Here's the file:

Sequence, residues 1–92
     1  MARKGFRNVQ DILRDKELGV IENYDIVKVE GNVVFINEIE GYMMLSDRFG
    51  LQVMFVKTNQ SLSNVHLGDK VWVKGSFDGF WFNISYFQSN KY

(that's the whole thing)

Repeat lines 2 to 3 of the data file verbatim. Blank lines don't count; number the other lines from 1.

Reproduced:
     1  MARKGFRNVQ DILRDKELGV IENYDIVKVE GNVVFINEIE GYMMLSDRFG
    51  LQVMFVKTNQ SLSNVHLGDK VWVKGSFDGF WFNISYFQSN KY